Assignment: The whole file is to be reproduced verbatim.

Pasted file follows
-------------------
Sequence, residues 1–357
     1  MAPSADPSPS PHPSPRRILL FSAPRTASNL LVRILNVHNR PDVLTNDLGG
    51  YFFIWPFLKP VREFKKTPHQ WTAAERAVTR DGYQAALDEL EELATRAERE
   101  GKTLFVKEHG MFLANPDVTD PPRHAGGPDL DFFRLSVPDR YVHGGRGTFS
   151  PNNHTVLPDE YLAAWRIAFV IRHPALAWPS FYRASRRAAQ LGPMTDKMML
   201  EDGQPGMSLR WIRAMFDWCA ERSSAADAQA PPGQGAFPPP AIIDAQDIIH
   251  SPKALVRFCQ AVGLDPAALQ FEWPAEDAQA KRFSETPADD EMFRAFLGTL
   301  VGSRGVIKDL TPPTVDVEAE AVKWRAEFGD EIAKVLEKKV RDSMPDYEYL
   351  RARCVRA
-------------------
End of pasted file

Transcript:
Sequence, residues 1–357
     1  MAPSADPSPS PHPSPRRILL FSAPRTASNL LVRILNVHNR PDVLTNDLGG
    51  YFFIWPFLKP VREFKKTPHQ WTAAERAVTR DGYQAALDEL EELATRAERE
   101  GKTLFVKEHG MFLANPDVTD PPRHAGGPDL DFFRLSVPDR YVHGGRGTFS
   151  PNNHTVLPDE YLAAWRIAFV IRHPALAWPS FYRASRRAAQ LGPMTDKMML
   201  EDGQPGMSLR WIRAMFDWCA ERSSAADAQA PPGQGAFPPP AIIDAQDIIH
   251  SPKALVRFCQ AVGLDPAALQ FEWPAEDAQA KRFSETPADD EMFRAFLGTL
   301  VGSRGVIKDL TPPTVDVEAE AVKWRAEFGD EIAKVLEKKV RDSMPDYEYL
   351  RARCVRA